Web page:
Riot Games commits to 'seven steps' to drive cultural change around sexism and harassment

Three weeks after an in-depth Kotaku report on workplace sexism, harassment, and general toxicity, League of Legends developer Riot Games has issued a statement apologizing to current, former and prospective employees and contractors, and promising extensive changes to its "cultural DNA" that will "leave no room for sexism or misogyny." 

"We're sorry that Riot hasn’t always been—or wasn’t—the place we promised you. And we’re sorry it took so long for us to hear you. In the days, weeks, months, years to come, we’re going to make Riot a place we can all be proud of," the studio said. 

"To people considering a career at Riot: We understand if you have some doubt or hesitation. But we also need you now more than ever. We need people who will drive change and fight for what’s right. Building Riot wasn’t easy. Rebuilding it won’t be either. But the promise of Riot’s future is stronger than ever and if you’re up for being part of the solution, we want to meet you." 

Fans and "partners" are included in the apology as well: "We know that the studio behind a game can be an important part of how you feel about that game. We know we’ve let you down and we’re committed to fixing that." 

The apology is followed by a rundown of seven "first steps" that Riot said will help drive changes to its culture while maintaining its unique positive qualities. At the top of the list is an expansion of the studio's "Culture and D&I [Diversity and Inclusion] Initiative," which will be directly accountable to the CEO; it will also examine its "cultural definitions," including the using of language and specific terms, "to ensure they mean the same thing to all of us." External consulting companies have been engaged to guide the process, and the internal investigation system is being beefed up.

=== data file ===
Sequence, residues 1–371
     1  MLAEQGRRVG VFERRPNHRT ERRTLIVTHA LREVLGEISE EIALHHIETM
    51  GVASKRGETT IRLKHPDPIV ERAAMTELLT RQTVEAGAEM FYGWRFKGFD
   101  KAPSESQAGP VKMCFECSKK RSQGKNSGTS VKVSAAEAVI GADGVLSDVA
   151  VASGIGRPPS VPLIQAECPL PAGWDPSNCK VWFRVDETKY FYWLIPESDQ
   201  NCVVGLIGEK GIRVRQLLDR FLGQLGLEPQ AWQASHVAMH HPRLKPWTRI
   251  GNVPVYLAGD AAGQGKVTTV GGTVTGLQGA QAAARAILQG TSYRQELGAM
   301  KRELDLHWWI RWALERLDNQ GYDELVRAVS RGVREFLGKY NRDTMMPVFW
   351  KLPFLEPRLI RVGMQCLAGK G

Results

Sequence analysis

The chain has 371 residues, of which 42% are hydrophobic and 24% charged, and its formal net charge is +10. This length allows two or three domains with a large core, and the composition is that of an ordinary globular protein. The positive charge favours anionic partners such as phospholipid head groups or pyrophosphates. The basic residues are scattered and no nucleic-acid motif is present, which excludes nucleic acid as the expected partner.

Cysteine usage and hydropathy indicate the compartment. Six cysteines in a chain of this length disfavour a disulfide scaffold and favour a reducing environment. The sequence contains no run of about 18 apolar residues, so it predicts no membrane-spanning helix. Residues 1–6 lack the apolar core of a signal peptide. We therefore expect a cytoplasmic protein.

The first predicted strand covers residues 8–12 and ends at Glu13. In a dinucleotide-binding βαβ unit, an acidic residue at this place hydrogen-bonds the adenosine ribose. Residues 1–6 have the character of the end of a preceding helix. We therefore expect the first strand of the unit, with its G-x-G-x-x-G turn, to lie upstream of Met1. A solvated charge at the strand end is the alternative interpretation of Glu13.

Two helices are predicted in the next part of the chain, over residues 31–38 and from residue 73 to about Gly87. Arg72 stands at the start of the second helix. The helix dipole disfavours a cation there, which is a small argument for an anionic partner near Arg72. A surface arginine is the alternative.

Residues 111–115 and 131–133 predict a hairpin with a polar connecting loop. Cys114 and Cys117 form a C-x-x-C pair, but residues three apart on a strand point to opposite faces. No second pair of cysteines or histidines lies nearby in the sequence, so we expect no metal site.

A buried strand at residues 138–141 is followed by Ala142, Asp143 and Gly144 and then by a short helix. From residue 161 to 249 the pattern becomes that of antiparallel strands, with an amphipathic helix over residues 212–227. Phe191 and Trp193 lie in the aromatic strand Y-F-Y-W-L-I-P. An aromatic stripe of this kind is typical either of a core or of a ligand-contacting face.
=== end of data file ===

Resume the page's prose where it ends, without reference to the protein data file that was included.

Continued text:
Training, at all levels, will also be a focus. "Trainings that had been specific to managers are being expanded to all Rioters, including interview training and anti-harassment training. We’re also investing in anti-bias training to encourage behaviors that foster a fair and inclusive work environment," Riot said. "In addition, we are investing in management training for all managers to build and support better teams. These trainings will be required for existing Rioters, with elements integrated into our Rioter onboarding program." 

It's fair (and obvious) to say that promises are easy, and mission statements are just ink on paper: What will matter is what Riot actually does going forward. But one point, under its breakdown of the "Investigation Process," suggests that the studio is serious: "We are prepared to make big changes and have begun taking action against specific cases, including removal of Rioters, though we aren't likely to get into those details publicly on a case-by-case basis for legal and privacy reasons." 

In the wake of Kotaku's report, former Riot community programs specialist Meagan Marie wrote that "an unacceptable number of people—primarily, but not exclusively women—have been subject to inappropriate behavior at Riot for years" in a post titled "Six months at Riot Games." This week, a post from former Riot product management director Barry Hawkins titled "The story of why I left Riot Games" added further evidence that the changes Riot is now striving for are long overdue.